This text focuses on the secular tradition of Cyril and Methodius in Macedonia. The analysis is based on documents and rare poems which described the existence of these saints. There was a solid political raison d'etre for the presence of these materials and two saints in the Macedonian tradition. They appeared themselves, together with the Slavic ethos, in opposition to unfamiliar nations in the second half of the nineteenth century. At that time they were found together with some other heroes in the national pantheon. Their existence was the evidence that the Macedonian people did belong to the Christian Slavic world. They also acquired importance as Christian teachers and missionaries to Slavic lands. Even in the twentieth century they were still mentioned because their activities, beliefs, and foundations were needed to create an independent state. Even in the atheistic communist era these two saints were symbols of moral and religious values. They became the patron saints of many schools and educational institutions. When Macedonia became an independent state in 1991 the cult of Cyril and Methodius did not expire. That fact was the evidence of the uninterrupted Macedonian tradition, and of the necessity of the existence of a founding myth which continually confirms Macedonian cultural identity.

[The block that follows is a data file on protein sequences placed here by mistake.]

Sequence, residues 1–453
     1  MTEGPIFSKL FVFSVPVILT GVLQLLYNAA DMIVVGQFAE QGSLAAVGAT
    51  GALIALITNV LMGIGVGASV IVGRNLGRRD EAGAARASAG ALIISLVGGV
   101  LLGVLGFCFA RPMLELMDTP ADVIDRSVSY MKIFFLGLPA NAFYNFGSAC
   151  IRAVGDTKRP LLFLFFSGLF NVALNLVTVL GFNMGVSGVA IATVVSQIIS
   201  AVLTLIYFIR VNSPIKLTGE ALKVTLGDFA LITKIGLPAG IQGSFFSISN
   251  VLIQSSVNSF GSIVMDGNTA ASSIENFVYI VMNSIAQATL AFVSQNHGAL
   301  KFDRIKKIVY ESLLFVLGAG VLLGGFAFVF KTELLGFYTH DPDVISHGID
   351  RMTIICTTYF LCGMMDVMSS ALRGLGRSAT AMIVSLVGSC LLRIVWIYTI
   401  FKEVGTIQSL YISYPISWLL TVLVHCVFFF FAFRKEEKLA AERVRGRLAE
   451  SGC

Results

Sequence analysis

Lilla Moroz-Grzelak, Instytutu Slawistyki PAN, ul.Bartoszewicza 1b/17, 00-337 Warszawa, Poland
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